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Ag research: SAREC Field Day

by Wyoming Livestock Roundup

UW features current research at 2023

The University of Wyoming (UW) Agriculture Experiment Station near Lingle hosted a field day on Aug. 9 at the James C. Hageman Sustainable Agriculture Research and Extension Center (SAREC).

SAREC was formed in 2002 as the result of combining the Archer Center and Torrington Center. 

The campus consists of 1,522 acres of dryland cropland, 349 acres of irrigated cropland, 1,880 acres of rangeland, 19 acres of irrigated organic cropland, 40 acres of dryland organic cropland, a feedlot and a livestock research laboratory.

UW ag research center showcased

Associate Professor and Wyoming State Beef Extension Specialist Steve Paisley began the field day with brief introductions followed by President of Eastern Wyoming College (EWC) Jeffry Hawes who discussed the recent partnership between SAREC and EWC. 

Hawes described how the two entities are collaborating on developing a joint precision program and reiterated how curriculum development would be tied to local businesses, providing the ability to identify areas of interest supporting Goshen County. 

UW College of Agriculture, Life Sciences and Natural Resources (CALSNR) Dean Barbara Rasco gave a brief overview of the merger of colleges, which took place last June. Rasco also honored Warrie Means, who retired Aug. 15 from CALSNR.

The field day tour followed as guests gathered to explore field plots, where researchers presented their work on grass and alfalfa forage, cattle and feedlot research and crop protection management.

“We have a lot of botany projects this year, which is something we haven’t had in the past,” Paisley stated. “It’s a new opportunity for us.”

After the guided tour, attendees had the opportunity to walk through demonstration orchards, visit the geodome greenhouse, view graduate students’ research poster presentations and visit various local vendors.

Tour topics

During the tour UW personnel noted a few new features at SAREC, which include a fruit orchard and a pollinator demonstration plot. The pollinator program is a joint research project between SAREC and the Natural Resources Conservation Service.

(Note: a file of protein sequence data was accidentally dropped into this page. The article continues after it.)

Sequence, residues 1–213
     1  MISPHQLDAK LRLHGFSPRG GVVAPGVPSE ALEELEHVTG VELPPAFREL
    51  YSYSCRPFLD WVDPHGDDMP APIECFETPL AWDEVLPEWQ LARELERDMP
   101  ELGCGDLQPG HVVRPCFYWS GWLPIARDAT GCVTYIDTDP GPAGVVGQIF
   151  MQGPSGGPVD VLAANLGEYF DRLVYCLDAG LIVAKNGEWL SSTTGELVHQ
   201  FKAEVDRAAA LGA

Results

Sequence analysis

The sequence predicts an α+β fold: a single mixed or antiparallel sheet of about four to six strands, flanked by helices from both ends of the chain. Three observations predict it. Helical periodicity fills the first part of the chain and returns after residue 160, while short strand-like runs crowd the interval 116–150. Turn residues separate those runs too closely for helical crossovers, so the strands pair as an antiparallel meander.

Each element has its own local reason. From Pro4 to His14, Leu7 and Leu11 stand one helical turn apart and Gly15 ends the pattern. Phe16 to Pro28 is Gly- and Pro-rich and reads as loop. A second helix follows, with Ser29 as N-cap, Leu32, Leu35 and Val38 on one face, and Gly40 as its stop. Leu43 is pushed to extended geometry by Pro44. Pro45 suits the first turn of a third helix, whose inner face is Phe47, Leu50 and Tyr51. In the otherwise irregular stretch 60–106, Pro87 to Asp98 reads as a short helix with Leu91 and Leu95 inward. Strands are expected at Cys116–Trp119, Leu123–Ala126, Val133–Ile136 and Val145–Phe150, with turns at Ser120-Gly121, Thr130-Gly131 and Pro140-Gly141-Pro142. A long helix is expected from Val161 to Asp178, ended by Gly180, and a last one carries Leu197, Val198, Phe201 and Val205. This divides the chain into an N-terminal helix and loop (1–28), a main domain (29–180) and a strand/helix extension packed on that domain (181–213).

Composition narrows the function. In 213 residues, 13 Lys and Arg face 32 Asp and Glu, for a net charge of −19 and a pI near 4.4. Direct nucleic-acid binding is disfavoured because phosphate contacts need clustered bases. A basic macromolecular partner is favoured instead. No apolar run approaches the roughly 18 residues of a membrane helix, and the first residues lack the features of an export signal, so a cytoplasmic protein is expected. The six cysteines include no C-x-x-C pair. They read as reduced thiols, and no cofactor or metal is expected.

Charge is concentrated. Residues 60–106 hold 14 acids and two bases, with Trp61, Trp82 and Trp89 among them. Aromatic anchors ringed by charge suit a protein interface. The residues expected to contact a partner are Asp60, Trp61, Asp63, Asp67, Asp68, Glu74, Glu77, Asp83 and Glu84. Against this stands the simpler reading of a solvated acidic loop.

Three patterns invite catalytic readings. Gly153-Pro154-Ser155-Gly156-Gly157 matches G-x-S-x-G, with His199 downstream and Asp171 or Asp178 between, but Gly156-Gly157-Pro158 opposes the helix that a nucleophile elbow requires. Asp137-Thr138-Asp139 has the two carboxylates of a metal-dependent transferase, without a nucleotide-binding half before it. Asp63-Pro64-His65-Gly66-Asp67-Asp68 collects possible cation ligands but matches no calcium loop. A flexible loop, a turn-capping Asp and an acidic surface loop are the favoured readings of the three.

Paisley instructed guests to take some time to go through a self-guided tour of the orchards and raised bed pollinator program. 

“We have a demonstration orchard that’s looking really good this year,” he added.

According to SAREC research scientists, the orchard was planted in the spring of 2021 to provide citizens of Wyoming the opportunity to gain hands-on experience regarding what types of fruit do well in Goshen County.

The ability to understand which tree is sustainable in the area grants individuals and producers the opportunity to increase production in specialty crops. 

Various trees have been planted, including plums, peaches, cherries, currants and pears, and so far, the plum trees are doing best.

Paisley introduced and guided guests through the SAREC GrowSafe testing facility and the SAREC feedlot, which is currently evaluating bulls on a 99-day feed efficiency study where individual feed intake is measured. 

Additional field speakers included Anowar Islam, a UW professor of forage agroecology, who presented on forage production.

Islam and his students are working on research which will not only improve productivity and quality but improve the persistence of alfalfa and alfalfa-grass mix. 

Donna Harris, assistant professor of plant breeding based out of Sheridan, presented on bean and pea variety research trials and assisted a UW graduate student with a demonstration on the use of drones, which are being utilized in a sugarbeet trial.

Also presenting on the tour was UW’s Clint Beiermann, assistant professor of forage crop production and weed management, who led the group out into the field to investigate corn production and discuss growth rates. 

The tour captured SAREC’s vision to facilitate research and education on sustainable agricultural systems, discovering and generating new knowledge to meet Wyoming’s emerging needs. 

Melissa Anderson is the editor of the Wyoming Livestock Roundup. Send comments on this article to

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